smoke Where the wires have such a covering and are well Insulated and supported,
using only nwi-eombustlble materials. It Is believed that no appreciable fire nazard
exists, even with a large group of wires.

Flame proofing should be stripped back on all eablesa sufficient amount to give
the necessary insulation distance for the voltage of the circuit on which the cable
Is used. The stripping back oi the flame proofing is neoessary on account o( the poor
insulating qualities of the flame proofing material now available. Flame proofing
may be omitted where satisfactory fire-proofing Is accomplished by other means,
Mich as eompartments, etc.

c Must be kept so rigidly in place that they cannot come in contact.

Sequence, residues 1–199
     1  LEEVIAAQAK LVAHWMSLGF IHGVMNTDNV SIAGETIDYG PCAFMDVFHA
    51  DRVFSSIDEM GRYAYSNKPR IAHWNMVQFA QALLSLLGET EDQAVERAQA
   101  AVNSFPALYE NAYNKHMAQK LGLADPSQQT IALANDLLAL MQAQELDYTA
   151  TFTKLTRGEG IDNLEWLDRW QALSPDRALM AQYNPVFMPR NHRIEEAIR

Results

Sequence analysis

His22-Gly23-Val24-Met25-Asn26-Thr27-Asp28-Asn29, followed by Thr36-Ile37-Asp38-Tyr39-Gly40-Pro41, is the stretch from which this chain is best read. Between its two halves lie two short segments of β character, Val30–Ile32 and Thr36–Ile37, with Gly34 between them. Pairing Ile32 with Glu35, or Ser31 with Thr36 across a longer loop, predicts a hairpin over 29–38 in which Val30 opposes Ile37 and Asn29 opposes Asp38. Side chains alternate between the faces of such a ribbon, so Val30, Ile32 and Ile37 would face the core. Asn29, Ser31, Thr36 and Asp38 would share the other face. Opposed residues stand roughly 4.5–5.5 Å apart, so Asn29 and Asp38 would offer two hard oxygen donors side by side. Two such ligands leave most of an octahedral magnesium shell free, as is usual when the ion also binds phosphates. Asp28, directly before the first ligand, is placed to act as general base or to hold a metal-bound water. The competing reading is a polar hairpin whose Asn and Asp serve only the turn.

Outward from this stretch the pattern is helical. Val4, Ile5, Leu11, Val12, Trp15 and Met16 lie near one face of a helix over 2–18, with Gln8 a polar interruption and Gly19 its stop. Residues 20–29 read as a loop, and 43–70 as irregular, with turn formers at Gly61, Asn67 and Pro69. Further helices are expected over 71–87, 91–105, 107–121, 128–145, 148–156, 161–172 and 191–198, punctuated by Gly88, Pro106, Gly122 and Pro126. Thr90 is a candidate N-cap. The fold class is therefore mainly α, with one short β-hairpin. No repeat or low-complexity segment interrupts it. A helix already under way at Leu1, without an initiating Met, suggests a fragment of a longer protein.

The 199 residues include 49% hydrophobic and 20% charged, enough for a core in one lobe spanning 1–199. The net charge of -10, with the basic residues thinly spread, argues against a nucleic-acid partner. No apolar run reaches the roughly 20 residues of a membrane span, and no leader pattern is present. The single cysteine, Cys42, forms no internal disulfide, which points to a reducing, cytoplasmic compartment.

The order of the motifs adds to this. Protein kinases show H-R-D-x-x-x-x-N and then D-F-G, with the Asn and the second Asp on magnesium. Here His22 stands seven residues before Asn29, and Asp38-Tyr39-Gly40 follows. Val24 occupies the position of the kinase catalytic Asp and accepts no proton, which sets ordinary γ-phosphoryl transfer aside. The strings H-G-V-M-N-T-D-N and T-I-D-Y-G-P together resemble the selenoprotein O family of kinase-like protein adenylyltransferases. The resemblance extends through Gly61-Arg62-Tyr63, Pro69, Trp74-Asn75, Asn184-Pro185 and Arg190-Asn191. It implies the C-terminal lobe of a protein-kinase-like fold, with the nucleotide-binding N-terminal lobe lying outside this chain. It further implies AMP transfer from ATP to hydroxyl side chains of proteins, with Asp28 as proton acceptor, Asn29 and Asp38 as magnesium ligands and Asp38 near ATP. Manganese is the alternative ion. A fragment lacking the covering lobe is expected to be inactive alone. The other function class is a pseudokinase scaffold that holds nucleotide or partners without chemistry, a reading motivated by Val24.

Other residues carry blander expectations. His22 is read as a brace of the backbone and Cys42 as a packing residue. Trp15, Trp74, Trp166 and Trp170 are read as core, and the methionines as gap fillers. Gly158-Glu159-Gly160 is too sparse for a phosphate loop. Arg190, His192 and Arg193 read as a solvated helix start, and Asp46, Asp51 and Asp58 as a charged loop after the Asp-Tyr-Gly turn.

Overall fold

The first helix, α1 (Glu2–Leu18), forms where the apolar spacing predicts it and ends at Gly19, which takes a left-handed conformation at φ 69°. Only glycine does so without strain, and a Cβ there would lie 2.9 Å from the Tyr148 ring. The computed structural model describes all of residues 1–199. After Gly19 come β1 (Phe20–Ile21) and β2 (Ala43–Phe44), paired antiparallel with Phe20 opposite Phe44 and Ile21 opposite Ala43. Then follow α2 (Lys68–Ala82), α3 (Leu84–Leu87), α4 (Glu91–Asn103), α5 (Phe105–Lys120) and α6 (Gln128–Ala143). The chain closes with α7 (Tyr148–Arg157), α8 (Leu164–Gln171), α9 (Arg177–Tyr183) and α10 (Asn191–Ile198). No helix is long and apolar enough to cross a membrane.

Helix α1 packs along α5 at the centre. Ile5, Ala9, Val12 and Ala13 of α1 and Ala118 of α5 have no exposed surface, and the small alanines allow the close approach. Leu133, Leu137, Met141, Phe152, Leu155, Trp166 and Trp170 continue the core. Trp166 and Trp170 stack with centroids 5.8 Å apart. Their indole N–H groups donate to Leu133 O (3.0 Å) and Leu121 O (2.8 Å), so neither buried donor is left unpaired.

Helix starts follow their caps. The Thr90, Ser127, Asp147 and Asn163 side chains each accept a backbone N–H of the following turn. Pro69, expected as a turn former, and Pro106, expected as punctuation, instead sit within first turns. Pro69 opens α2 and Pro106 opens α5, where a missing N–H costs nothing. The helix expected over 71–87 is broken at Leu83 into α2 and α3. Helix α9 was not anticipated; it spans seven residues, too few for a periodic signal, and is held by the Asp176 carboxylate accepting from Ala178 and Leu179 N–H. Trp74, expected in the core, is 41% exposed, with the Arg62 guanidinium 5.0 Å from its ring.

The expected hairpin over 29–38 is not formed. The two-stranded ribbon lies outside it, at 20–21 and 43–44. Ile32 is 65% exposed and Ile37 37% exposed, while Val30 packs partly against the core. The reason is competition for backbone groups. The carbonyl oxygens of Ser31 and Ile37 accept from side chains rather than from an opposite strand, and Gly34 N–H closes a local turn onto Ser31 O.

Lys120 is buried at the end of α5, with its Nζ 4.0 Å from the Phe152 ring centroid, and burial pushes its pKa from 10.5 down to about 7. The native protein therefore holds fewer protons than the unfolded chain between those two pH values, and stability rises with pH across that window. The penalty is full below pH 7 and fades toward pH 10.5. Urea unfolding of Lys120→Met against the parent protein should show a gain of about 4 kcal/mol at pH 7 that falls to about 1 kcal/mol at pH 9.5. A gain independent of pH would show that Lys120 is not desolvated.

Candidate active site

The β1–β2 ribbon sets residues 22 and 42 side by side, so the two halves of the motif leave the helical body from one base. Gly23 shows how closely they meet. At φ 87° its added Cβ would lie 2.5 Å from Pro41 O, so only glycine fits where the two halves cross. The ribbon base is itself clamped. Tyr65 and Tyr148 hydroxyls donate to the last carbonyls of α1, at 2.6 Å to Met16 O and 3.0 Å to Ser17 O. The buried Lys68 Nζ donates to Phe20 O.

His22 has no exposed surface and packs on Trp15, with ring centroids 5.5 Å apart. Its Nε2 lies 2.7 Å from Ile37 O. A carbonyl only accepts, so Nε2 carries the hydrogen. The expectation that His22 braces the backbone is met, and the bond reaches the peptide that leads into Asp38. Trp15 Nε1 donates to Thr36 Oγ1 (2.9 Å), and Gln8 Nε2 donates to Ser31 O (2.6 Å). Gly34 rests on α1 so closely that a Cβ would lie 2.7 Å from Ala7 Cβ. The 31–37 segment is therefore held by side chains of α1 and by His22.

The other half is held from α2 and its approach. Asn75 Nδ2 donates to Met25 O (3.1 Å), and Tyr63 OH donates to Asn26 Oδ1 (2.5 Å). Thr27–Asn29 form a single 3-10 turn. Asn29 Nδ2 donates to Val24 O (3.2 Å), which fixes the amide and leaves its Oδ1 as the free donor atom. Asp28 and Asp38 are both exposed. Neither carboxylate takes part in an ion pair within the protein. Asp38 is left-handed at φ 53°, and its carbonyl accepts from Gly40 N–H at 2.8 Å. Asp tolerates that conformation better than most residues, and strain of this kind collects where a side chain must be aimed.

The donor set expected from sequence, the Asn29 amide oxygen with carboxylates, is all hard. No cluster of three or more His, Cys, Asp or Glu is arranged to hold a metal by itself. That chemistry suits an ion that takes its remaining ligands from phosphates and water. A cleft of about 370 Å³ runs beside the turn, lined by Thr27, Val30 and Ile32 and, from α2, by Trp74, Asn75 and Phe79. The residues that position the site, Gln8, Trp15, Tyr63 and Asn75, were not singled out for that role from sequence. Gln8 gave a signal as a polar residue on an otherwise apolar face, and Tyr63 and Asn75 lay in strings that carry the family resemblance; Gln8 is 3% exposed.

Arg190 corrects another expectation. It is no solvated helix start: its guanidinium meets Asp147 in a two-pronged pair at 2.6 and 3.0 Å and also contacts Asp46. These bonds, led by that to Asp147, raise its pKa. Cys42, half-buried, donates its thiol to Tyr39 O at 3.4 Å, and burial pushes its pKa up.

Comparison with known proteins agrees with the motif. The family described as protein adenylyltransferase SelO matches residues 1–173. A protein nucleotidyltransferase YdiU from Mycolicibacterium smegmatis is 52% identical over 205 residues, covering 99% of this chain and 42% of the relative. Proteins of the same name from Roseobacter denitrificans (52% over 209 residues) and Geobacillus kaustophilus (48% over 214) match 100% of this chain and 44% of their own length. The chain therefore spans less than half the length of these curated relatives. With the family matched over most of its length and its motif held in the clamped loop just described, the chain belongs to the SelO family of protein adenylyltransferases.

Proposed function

d. Must in all other respects be installed with the same precautions as
required by rules in Class *C" for wires carrying a current of the same
volume and potential.

e. In wiring switchboards, the gxotmd detector, voltmeter, pilot lights
and potential transformers must be connected to a circuit of not less than
No. 14 B. & S. gage wire that is protected by an approved fuse, this circuit
is not to carry over 660 watts.

For the protectloo of Instruments and pilot lights on switchboards, approved
ff. E. Code Standard f^doeed Fuses are preferred, but approved enclosed nises of
other designs of not over two (.2) amperes eapacitv. may be used.

Voltmeter switches having concealed connections must be idalnly marked.
Bbowlng connections made.

3 Switchboards. — a. Must be so placed as to reduce to a minimum